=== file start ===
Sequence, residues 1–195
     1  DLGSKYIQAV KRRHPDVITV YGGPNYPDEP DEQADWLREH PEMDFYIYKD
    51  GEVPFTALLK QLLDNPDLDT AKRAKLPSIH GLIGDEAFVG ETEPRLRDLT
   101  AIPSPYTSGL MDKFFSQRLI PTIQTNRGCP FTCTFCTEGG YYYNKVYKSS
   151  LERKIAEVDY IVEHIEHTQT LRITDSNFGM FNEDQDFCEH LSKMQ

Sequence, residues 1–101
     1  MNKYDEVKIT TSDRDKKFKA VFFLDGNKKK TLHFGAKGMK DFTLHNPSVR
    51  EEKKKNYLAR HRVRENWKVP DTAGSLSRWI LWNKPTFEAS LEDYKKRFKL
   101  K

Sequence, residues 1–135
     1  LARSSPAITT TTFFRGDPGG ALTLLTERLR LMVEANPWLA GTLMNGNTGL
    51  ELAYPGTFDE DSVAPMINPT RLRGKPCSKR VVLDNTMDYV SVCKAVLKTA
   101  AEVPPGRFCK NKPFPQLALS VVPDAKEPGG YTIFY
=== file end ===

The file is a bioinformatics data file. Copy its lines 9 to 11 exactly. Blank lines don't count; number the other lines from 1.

   101  K

Sequence, residues 1–135
     1  LARSSPAITT TTFFRGDPGG ALTLLTERLR LMVEANPWLA GTLMNGNTGL